Heavy items can be a challenge to lift when you are single handed and no longer in your 20’s or 30’s.
Installing an island oven/range hood
I recently had to install an island oven/range hood – this is the hood which fits above an island range in a kitchen. If the range was located against an exterior wall it would be a simpler matter to install a wall vent. However, an island range hood is more complicated because the hood has to be suspended from the ceiling.
I cut a hole in the ceiling above the range, then framed the hole, then installed the black upper support frame to the ceiling. I attached the blower box and covers to the lower support frame (collectively called “the hood”). The hood weighs more than 60lbs and it is difficult to single handed raise and secure it to the upper support frame, which is suspended from the ceiling. Ideally 3 people are required – two to raise the hood and hold it horizontally in position while the third person bolts the hood to the upper frame.
Initially I tried using the packing carton, in which the hood arrived, as a platform located above the range and although this reduced the lifting distance to just a few inches, because the fitting of the two frames is concise, I was unable to horizontally lift and secure the components by myself.
So I decided to use a block and tackle setup to hoist the hood vertically up into the frame suspended from the ceiling. The ‘photo shows the components – a) a 2 ft length of 2×4 wood which was located across the joists above the hole cut into the ceiling; b) a silver pulley attached to the wood; c) a ring bolt attached to the wood; d) a blue pulley with a hook. Rope was knotted to the ring bolt then went round the blue pulley then up and around the silver pulley and then to me. The hook of the blue pulley lifted wires attached to the hood.
I pulled on the rope and the hood ascended to the upper frame attached to the ceiling. When the lower frame approached the upper frame I anchored the rope to a door handle, located the lower frame into the upper frame and then pulled on the rope to move the lower frame well into the upper frame. I again tied down the rope and bolted the frames together. This achieved, I removed the pulleys, wires and ropes and the rest of the installation was relatively easy.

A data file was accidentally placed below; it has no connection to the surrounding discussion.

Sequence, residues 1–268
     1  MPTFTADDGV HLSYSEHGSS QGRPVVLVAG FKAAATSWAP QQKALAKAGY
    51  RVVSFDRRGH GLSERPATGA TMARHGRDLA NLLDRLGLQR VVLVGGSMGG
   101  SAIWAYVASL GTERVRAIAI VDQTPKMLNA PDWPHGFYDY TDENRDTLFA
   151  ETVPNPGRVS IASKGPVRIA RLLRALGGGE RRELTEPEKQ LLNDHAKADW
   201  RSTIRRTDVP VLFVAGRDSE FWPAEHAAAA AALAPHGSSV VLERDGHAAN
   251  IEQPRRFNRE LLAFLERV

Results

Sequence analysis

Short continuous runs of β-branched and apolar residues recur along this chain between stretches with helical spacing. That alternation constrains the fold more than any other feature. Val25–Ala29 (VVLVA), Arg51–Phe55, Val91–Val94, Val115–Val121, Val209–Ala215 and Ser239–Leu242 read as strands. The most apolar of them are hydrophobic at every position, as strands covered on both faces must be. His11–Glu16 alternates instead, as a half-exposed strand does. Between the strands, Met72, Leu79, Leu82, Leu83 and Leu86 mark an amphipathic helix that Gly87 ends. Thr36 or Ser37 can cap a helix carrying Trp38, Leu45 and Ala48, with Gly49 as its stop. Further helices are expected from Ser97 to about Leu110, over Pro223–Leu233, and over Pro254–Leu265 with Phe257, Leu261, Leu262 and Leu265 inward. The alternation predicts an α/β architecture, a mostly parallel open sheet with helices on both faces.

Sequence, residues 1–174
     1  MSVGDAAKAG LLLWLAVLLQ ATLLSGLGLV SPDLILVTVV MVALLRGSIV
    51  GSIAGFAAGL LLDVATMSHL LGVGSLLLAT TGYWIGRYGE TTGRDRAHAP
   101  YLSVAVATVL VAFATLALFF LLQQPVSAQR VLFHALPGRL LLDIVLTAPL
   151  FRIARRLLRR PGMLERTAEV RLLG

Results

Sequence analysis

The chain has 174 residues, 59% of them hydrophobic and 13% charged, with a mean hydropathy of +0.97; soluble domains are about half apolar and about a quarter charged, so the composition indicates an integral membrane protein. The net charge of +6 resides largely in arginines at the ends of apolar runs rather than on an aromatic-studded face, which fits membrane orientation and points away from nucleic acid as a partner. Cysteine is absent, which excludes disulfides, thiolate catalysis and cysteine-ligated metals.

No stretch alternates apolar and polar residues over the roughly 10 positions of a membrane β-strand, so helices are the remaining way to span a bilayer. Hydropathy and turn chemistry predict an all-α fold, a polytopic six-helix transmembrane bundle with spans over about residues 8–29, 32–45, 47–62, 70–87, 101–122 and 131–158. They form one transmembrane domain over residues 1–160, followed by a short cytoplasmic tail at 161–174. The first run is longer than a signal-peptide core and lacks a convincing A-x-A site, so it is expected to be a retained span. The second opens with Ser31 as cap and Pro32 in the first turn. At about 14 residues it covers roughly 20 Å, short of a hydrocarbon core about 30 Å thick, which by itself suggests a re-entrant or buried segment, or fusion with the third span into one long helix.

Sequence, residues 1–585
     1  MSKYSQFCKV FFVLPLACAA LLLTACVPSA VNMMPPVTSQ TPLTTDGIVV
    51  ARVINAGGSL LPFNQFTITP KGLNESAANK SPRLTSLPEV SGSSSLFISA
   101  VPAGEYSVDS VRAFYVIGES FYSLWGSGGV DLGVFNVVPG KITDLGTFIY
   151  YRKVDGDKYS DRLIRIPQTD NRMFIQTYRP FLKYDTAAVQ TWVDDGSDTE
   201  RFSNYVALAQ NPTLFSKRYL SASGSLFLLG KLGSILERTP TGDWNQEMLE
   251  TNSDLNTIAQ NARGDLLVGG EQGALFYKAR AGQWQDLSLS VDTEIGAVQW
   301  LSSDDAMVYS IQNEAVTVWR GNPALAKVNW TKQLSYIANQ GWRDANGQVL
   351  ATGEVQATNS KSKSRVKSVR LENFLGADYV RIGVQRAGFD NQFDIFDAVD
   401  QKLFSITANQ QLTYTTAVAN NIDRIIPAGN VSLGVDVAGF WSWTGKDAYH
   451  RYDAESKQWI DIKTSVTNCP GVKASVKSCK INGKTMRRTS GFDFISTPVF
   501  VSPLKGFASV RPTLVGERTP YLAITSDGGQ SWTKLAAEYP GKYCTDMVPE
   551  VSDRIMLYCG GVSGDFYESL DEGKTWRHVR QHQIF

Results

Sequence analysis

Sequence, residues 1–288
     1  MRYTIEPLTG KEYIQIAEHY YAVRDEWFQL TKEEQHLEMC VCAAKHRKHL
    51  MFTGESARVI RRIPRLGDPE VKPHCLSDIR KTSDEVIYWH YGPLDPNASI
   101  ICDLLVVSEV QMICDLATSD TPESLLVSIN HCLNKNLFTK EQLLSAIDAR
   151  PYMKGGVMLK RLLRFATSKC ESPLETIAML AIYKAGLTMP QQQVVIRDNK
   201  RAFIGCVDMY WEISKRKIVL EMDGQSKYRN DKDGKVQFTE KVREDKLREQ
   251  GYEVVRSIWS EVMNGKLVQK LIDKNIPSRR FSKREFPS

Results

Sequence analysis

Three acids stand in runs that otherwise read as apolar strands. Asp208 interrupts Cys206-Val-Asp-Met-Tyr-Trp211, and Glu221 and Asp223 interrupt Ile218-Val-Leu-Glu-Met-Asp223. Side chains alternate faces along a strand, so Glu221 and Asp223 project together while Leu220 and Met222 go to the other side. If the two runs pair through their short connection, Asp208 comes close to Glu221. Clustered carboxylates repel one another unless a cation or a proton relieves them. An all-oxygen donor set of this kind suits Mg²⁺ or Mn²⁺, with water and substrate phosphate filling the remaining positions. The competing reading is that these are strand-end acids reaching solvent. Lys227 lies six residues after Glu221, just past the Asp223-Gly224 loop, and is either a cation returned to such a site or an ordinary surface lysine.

Lifting a generator into the bed of a pickup truck
I recently acquired adjacent property on the top of a hill which has a water well. The well pump requires 240 volts to operate. Through Craigs list I acquired an old generator which has 240 volts output. I try to meet all my irrigation requirements using harvested rainwater. Occasionally, I have to supplement the water supply and then I use the generator to power the well pump. The problem is lifting the generator into the bed of the pickup truck since the generator and gas weigh more than 200 lbs.
My first solution was to span the 16 ft width of the tractor building with two 10 ft 4″x4″ posts bolted together where they overlapped. I then bolted a manual gear chain hoist to the beam. I stored the generator on a furniture dolly in a corner of the building and when I needed to load the generator, I pushed the dolly below the chain hoist, hoisted it above the height of the truck bed and reversed the truck into place and then lowered the generator into the truck.
This worked fine for a while but it took time to hoist and lower the generator from the dolly to the truck bed. So I decided to accelerate the process by storing the generator on a portable stand which I made from scrap lumber and 4 purchased wheels. The portable stand is the same height as the truck bed and it is easy to lug the generator from the one to the other. When not in use, the generator on the stand is wheeled into a corner of the building.